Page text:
ST. PETERSBURG — In the age of Twitter, Facebook, 24-hour cable news and always-updated websites, people may feel they're swimming in more data than ever about their world and how it works.
But Pulitzer Prize-winning investigative journalist Bob Woodward — half of the Washington Post team whose reporting on President Richard Nixon helped turn Watergate into a household word — had a sobering message about all that connection for an admiring crowd Tuesday.
"If there was an Internet (during Watergate), the information still would not have been available … so much is hidden," said Woodward, speaking to an audience of 176 people at a fund-raiser for the Poynter Institute for Media Studies, which owns the St. Petersburg Times.
"I get up in the morning and ask the question, 'What are the bastards hiding?' " he added, sparking laughter. "Not as a cynical reporter, but as a realistic reporter; people are always hiding something."
Beginning with his landmark work alongside partner Carl Bernstein on Nixon's Watergate scandal, through books on the administrations of Bill Clinton, George W. Bush and Barack Obama, Woodward has devoted a near-40-year career to unraveling the riddle of how power works in Washington, D.C.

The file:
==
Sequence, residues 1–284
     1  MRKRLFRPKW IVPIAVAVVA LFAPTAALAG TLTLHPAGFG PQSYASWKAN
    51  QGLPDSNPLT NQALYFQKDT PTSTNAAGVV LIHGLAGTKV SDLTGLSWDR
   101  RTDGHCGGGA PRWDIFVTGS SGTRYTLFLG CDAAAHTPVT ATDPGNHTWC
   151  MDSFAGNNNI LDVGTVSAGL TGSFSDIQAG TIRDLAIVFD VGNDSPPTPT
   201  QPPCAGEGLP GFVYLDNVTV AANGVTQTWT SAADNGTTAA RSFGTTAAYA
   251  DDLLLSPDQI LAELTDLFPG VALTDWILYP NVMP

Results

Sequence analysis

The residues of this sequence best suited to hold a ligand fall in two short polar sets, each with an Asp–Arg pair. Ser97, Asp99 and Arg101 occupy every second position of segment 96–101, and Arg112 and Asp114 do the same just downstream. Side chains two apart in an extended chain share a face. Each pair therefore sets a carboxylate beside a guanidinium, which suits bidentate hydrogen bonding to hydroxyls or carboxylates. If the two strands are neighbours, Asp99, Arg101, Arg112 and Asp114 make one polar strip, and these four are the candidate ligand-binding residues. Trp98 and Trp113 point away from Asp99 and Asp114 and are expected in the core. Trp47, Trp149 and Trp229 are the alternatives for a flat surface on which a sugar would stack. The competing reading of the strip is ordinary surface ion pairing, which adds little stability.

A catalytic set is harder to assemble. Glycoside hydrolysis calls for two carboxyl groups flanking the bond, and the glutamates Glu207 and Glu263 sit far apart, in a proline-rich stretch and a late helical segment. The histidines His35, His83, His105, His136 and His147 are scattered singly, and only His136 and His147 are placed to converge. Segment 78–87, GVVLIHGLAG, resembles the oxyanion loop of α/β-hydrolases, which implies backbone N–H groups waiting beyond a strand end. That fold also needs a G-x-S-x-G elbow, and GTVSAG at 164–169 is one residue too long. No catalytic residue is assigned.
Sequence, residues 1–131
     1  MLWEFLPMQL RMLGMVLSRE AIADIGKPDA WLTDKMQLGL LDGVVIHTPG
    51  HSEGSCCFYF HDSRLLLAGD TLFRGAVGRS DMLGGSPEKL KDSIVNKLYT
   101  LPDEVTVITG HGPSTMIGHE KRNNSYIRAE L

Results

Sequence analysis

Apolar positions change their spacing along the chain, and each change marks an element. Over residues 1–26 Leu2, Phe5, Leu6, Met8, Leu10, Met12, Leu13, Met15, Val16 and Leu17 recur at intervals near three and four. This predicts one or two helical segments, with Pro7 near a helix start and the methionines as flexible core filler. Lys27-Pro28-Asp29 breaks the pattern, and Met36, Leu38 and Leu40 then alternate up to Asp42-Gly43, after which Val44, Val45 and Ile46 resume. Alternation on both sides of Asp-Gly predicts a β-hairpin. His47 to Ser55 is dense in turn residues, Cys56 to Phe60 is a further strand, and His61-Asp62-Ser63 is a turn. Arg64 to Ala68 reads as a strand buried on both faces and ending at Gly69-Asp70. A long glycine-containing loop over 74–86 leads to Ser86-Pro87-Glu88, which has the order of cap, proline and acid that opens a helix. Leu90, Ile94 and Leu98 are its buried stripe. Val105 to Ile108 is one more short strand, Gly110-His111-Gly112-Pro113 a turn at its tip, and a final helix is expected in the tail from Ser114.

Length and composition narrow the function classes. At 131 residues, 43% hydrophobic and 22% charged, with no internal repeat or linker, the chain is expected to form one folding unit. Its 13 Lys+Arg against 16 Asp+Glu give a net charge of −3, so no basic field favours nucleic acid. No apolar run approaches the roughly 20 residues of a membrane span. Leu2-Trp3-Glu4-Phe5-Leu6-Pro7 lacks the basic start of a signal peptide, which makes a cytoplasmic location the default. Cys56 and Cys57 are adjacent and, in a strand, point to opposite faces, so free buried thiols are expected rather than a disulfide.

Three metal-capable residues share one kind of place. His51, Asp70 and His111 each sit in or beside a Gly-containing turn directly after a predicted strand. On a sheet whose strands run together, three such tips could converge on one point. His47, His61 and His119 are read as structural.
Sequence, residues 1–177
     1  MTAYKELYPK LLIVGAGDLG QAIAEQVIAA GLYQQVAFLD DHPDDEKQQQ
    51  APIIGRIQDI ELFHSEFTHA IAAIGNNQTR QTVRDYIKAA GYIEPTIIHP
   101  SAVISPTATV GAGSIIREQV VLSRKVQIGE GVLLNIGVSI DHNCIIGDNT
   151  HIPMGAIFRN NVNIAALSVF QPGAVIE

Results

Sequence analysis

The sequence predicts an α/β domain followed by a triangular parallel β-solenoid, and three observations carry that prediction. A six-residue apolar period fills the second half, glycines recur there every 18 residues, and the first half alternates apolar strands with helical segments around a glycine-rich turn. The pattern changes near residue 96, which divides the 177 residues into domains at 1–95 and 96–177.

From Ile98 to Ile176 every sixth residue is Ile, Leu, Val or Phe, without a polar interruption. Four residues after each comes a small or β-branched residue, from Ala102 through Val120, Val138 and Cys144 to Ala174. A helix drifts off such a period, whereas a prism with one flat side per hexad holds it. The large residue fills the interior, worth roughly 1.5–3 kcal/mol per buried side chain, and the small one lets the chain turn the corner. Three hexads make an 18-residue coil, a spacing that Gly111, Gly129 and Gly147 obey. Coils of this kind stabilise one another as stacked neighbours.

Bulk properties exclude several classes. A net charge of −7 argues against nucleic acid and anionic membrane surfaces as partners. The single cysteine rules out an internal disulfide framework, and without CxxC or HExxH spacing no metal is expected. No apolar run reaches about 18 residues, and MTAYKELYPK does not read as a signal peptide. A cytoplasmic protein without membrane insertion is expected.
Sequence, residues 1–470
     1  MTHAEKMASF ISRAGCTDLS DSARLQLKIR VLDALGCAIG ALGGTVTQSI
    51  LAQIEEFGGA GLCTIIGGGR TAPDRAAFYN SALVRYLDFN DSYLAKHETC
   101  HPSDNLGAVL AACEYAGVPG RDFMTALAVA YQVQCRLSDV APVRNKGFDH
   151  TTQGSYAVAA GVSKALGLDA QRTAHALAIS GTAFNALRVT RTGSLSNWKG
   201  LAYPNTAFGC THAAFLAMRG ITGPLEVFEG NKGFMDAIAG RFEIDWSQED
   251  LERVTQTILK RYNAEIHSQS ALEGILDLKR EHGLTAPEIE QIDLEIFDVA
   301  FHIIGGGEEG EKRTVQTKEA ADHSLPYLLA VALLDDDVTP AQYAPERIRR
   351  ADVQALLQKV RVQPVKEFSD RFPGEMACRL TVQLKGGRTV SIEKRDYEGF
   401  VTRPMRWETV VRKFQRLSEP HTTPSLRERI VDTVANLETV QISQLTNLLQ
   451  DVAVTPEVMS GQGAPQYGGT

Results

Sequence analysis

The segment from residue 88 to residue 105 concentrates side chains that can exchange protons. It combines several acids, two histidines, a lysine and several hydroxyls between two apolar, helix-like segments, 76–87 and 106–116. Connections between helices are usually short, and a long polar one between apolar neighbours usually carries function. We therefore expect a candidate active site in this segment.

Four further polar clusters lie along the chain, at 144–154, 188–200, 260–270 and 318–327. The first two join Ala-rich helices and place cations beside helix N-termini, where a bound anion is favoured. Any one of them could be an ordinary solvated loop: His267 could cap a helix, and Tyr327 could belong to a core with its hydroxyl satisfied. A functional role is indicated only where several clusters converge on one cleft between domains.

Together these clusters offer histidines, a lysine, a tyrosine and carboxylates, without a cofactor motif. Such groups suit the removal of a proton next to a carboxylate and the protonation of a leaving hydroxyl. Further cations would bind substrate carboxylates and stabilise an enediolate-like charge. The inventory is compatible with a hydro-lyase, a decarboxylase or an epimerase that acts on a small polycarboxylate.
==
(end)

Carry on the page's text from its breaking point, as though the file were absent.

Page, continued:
Speaking as part of the Poynter Institute's Community Conversations series, the 67-year-old reporter admitted little connection to online media — his Facebook page is maintained by his assistants — calling the revelations of secret documents by Wikileaks site oversold.
Instead, he speculated on a moment when today's journalists, pushed to move fast with fewer resources, might miss a truly important story, prompting the minds behind Facebook or Google to do something drastic, like buying the New York Times.
"The people who have all the money and brains are going to say, 'Oh, we need to fix the information system' … (because) good information is critical in a democracy."
Woodward was relaxed and affable in an interview before the evening's official program, well aware of what some critics say: that he avoids reporting harshly on those who feed him information. That he focuses too much on powerful government figures.
He countered that talk by recounting his recent dustup with former Defense Secretary Donald Rumsfeld, whose memoir he called "a brazen effort to shift blame to others" for the push to invade Iraq.
Nearly four decades after winning a Pulitzer for his Watergate scoops, Woodward says he still listens to the tapes Nixon made of conversations in the White House, bringing transcripts along to read in his hotel room. "You're digging for the question: Who was Richard Nixon?" he said.
"It's still illuminating. The onion keeps getting peeled to new layers."